Living Trust: My 1⃣ Sentence Definition

A living trust shouldn’t feel like algebra. Regardless of your thoughts on math, the goal of this article is to introduce this thing called a living trust.

Thus, here is my simplified definition of a living trust in Minnesota.

A living trust is a piece of paper that gives directions on transferring property to another person or entity.

That was really, simple, right? Why then, is it called a living trust versus a dead trust or some other fancy name?

Why Is It Called A Living Trust?

In general, the piece of paper is called a living trust because the owner of the property usually has control while the owner is alive and competent.

I see a lot of people who are fearful that a trust makes life more complicated. And, I see a lot of families get scared off by fancy names like a conduit trust, grantor trust, a see through trust, or even a “complex” trust.

For now, keep it simple. Just like there are hundreds of different makes and models of cars, there are an infinite number of trusts and types. Every trust is different because every person is different.

Now is not the time to turn back. Remember, this is about keeping this simple and down to one sentence. Again, a living trust is a piece of paper with rules on when and how property will get transferred onto the next person or entity.

A Living Trust versus a Revocable Trust

Generally, a living trust and a revocable trust are one in the same. However, they don’t have to be. A living trust that is revocable too is a piece of paper that allows a person to terminate or end the trust.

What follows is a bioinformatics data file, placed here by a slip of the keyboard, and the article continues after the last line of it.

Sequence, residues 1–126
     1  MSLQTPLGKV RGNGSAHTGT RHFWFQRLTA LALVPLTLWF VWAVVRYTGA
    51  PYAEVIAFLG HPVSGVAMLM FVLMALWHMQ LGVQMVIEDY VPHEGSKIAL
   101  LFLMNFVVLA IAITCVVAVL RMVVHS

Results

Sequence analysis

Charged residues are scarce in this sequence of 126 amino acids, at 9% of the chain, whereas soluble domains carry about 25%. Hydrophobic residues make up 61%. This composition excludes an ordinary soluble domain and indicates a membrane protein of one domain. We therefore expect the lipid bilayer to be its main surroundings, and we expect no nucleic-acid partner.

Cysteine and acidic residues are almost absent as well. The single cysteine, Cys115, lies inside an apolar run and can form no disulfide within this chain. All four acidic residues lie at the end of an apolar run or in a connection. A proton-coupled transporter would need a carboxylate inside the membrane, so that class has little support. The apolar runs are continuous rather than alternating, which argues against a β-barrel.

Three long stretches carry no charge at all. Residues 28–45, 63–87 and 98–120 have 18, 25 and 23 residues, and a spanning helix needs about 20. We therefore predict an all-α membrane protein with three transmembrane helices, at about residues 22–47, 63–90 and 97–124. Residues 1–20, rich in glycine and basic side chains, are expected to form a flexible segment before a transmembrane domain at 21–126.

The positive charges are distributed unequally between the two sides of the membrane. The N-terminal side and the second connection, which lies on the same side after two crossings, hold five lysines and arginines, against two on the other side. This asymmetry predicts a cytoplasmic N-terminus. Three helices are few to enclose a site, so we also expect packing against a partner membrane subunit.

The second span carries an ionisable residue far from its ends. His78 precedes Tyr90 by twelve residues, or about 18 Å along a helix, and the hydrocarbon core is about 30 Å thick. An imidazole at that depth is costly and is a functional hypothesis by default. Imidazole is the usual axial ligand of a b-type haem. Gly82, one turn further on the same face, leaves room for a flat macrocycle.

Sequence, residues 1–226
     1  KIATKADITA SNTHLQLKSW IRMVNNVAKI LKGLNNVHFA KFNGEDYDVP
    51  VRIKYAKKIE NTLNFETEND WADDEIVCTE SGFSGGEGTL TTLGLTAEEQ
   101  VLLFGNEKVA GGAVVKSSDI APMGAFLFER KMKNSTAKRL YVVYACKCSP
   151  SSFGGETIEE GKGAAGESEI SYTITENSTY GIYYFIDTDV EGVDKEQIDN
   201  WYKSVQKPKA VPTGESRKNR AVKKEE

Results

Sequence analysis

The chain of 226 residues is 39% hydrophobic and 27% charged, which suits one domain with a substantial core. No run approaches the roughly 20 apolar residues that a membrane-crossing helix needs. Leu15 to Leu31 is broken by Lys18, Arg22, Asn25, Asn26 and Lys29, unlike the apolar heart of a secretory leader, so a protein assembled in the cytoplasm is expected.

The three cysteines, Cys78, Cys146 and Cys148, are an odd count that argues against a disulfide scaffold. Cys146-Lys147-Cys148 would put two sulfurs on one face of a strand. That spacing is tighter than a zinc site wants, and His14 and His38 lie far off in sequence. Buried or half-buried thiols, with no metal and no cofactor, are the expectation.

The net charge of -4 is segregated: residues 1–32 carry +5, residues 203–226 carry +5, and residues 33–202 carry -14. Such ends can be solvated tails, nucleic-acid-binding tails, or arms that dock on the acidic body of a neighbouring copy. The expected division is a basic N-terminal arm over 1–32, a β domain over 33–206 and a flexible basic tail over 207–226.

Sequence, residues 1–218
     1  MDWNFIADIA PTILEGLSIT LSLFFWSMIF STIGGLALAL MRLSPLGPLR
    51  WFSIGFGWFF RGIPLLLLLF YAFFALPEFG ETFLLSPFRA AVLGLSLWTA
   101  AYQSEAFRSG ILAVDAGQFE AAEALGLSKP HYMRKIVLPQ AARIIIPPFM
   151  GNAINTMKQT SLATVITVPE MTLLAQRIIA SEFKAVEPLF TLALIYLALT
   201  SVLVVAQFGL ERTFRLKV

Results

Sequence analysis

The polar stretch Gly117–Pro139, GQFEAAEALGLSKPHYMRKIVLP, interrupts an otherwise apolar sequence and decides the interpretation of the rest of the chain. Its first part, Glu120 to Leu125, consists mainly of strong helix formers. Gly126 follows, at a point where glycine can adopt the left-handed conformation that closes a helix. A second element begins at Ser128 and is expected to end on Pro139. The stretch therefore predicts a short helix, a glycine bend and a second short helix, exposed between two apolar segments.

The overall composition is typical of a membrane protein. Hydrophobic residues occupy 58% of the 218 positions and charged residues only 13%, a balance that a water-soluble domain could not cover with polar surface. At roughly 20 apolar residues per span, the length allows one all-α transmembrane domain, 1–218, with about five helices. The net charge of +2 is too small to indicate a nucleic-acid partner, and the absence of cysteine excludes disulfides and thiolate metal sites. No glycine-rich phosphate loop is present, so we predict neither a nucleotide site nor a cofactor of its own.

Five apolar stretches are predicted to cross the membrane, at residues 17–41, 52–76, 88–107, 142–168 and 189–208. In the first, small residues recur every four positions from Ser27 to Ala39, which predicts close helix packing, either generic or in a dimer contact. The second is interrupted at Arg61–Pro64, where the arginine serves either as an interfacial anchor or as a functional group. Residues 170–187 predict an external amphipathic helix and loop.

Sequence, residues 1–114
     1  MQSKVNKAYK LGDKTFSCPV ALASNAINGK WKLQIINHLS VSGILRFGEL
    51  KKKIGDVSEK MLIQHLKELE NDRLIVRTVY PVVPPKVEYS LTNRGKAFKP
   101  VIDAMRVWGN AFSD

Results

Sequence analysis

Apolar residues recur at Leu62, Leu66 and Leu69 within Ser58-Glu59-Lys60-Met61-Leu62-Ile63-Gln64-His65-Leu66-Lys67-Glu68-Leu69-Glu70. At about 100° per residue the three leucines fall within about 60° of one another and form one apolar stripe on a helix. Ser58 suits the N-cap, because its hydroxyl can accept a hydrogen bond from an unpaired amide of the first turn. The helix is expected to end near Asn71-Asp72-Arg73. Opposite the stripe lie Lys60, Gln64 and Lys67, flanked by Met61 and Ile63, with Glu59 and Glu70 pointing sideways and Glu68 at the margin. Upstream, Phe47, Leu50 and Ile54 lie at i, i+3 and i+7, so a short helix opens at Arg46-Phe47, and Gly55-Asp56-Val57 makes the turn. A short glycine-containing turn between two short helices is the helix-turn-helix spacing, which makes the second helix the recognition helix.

Living Trust versus a Inter Vivos Trust

In Minnesota, a living trust and an inter vivos trust are the same. A living person who is at least 18 years of age creates a trust during their lifetime. The trust document be revocable or irrevocable, simple or otherwise.

Reasons for a Living Trust

In Minnesota, there are many reasons why a person or couple create a living trust. As a reminder, the reasons are different for every person and family.

In no particular order, a person entertains a living trust to:

  • Avoid or reduce the risk of probate,
  • Prevent the government from making decisions on their behalf,
  • Make life easier for a spouse,
  • Serve the needs of young children,
  • Tax goals,
  • Serve the needs of grandchildren,
  • To assign a specific trustee,
  • Privacy,
  • Avoid time delays,
  • Land owned in more than one state, and
  • Reduce conflict.

Indeed, there are more reasons for having a living trust. However, the reasons are generally specific to each person and family.